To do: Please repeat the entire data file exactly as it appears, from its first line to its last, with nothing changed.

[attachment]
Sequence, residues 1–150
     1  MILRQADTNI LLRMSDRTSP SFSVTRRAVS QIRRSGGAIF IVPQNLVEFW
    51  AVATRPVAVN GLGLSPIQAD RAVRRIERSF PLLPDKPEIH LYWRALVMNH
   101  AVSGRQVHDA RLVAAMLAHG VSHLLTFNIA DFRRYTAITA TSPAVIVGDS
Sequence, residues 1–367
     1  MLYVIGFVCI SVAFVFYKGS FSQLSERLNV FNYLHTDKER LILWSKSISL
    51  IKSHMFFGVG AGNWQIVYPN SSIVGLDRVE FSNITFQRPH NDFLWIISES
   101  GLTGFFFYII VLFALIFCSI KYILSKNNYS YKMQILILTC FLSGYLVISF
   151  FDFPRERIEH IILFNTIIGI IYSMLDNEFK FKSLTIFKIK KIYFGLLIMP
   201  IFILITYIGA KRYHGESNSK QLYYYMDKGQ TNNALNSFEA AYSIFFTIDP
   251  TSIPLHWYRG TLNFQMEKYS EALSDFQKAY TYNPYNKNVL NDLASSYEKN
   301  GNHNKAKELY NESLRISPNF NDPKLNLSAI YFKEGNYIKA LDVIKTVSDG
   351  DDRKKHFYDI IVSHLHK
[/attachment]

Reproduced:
Sequence, residues 1–150
     1  MILRQADTNI LLRMSDRTSP SFSVTRRAVS QIRRSGGAIF IVPQNLVEFW
    51  AVATRPVAVN GLGLSPIQAD RAVRRIERSF PLLPDKPEIH LYWRALVMNH
   101  AVSGRQVHDA RLVAAMLAHG VSHLLTFNIA DFRRYTAITA TSPAVIVGDS
Sequence, residues 1–367
     1  MLYVIGFVCI SVAFVFYKGS FSQLSERLNV FNYLHTDKER LILWSKSISL
    51  IKSHMFFGVG AGNWQIVYPN SSIVGLDRVE FSNITFQRPH NDFLWIISES
   101  GLTGFFFYII VLFALIFCSI KYILSKNNYS YKMQILILTC FLSGYLVISF
   151  FDFPRERIEH IILFNTIIGI IYSMLDNEFK FKSLTIFKIK KIYFGLLIMP
   201  IFILITYIGA KRYHGESNSK QLYYYMDKGQ TNNALNSFEA AYSIFFTIDP
   251  TSIPLHWYRG TLNFQMEKYS EALSDFQKAY TYNPYNKNVL NDLASSYEKN
   301  GNHNKAKELY NESLRISPNF NDPKLNLSAI YFKEGNYIKA LDVIKTVSDG
   351  DDRKKHFYDI IVSHLHK